Be alert for roadside safety checks in Will County in February

An Illinois State Police squad car is pictured in a file photo. This week the agency agreed to hold more public hearings on its assault weapon registration process, although the existing emergency rules governing the process will remain in effect.

Illinois — Illinois State Police Troop 3 has announced that the department will be conducting roadside safety checks throughout Will, Cook, DuPage and Kane counties during the month of February.

In a series of statements from state police, Troop 3 Cmdr. Capt. Pat Manno said the checks “combine a strong sense of public awareness and enforcement in order to save lives of the motoring public.”

Officers working the detail will be looking for people driving in an unsafe manner, including those driving under the influence, not using seat belts or proper child safety restraints, carrying open alcoholic beverages, speeding, driving on revoked or suspended licenses, distracted driving – including the improper use of cellphones while driving – and other road safety violations, according to a news release.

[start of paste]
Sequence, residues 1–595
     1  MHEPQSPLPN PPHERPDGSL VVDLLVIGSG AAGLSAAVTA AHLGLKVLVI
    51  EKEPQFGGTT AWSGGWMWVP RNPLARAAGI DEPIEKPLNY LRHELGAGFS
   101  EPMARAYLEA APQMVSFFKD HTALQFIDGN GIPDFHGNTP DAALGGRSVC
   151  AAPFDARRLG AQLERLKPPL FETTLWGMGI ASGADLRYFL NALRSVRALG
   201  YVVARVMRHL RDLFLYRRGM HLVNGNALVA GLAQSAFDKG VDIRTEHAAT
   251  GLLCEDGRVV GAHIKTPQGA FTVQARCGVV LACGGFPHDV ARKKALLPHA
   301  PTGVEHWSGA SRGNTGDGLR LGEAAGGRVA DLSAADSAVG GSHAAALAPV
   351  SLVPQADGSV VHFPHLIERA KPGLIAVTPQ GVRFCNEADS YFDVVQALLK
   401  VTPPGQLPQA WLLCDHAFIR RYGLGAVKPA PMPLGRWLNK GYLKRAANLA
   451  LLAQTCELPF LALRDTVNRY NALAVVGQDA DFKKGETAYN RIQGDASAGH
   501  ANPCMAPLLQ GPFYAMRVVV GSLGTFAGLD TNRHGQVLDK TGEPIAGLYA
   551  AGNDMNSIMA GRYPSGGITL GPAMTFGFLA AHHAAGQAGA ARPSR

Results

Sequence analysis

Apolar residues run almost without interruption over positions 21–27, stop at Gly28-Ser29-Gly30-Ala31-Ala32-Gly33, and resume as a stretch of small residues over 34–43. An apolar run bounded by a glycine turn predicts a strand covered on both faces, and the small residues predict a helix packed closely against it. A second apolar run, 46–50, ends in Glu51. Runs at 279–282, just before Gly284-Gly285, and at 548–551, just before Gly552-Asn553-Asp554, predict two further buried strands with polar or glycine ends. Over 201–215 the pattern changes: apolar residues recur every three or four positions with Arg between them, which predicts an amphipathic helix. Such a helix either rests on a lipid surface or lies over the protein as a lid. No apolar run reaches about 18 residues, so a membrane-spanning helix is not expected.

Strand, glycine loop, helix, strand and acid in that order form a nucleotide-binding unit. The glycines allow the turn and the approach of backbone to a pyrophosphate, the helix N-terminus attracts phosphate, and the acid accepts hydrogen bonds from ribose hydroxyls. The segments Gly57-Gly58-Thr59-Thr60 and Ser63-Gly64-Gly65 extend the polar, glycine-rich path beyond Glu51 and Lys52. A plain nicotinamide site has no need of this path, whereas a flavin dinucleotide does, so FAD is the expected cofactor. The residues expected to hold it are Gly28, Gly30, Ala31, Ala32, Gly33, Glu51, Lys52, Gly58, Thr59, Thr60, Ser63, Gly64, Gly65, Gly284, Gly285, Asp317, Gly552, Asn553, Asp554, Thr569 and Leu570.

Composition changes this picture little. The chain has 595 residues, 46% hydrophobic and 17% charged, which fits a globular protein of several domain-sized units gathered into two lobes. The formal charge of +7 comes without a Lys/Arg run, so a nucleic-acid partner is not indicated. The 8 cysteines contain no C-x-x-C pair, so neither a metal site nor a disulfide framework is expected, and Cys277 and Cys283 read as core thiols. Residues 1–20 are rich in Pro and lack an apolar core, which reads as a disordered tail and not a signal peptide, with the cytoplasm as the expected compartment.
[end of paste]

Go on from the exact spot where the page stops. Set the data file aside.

Many of these checks will be conducted as part of nighttime enforcement patrols between the hours of 6 p.m. and 6 a.m., according to the release.

According to state police, alcohol and drug impairment are factors in more than 30% of all fatal vehicle crashes in Illinois and kill almost 10,000 people each year in the U.S., with about one alcohol-related traffic fatality occurring every 53 minutes nationwide.

Additionally, state police reported that the number of unrestrained drivers killed in traffic crashes goes up significantly at night, which also is when more than half of all impaired driving crashes take place.

Illinois law requires all vehicle passengers in the front and back seats to be buckled at all times. The announcement calls safety belts “one of the most effective safety devices in vehicles, estimated to save nearly 14,000 lives each year,” while noting that half of all vehicle occupants killed in traffic crashes were not properly buckled up.

The program and additional checks are funded by the Illinois Department of Transportation.